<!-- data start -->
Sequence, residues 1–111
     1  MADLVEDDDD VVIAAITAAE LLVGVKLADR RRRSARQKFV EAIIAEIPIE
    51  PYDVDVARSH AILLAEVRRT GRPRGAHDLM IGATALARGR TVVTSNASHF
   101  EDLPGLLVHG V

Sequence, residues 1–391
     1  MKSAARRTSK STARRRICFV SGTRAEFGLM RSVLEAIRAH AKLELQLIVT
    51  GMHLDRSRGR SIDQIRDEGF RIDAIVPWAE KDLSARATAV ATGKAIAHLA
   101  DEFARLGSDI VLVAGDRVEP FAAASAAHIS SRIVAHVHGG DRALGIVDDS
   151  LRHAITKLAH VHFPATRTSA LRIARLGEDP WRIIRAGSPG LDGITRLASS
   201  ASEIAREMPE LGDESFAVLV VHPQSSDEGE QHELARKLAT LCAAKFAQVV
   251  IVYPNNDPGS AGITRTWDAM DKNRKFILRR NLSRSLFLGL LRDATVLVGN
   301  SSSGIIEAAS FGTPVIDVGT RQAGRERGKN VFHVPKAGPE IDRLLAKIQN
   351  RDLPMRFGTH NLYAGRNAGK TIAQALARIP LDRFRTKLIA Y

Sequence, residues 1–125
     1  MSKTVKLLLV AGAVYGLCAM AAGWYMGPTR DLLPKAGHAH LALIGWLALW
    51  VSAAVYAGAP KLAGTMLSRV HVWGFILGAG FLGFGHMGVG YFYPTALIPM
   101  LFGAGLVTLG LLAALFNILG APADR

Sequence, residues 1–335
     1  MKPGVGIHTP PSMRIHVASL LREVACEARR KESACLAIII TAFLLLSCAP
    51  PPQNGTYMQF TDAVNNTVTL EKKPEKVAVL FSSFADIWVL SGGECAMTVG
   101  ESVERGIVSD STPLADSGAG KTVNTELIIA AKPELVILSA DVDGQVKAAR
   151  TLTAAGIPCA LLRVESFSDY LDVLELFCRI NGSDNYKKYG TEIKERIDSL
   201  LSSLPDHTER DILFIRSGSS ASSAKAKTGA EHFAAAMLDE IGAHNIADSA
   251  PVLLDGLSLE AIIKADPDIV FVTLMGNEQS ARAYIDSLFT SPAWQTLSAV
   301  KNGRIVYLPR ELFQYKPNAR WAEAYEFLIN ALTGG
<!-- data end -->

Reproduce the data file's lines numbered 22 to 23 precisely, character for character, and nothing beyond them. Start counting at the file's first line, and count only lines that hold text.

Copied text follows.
   151  TLTAAGIPCA LLRVESFSDY LDVLELFCRI NGSDNYKKYG TEIKERIDSL
   201  LSSLPDHTER DILFIRSGSS ASSAKAKTGA EHFAAAMLDE IGAHNIADSA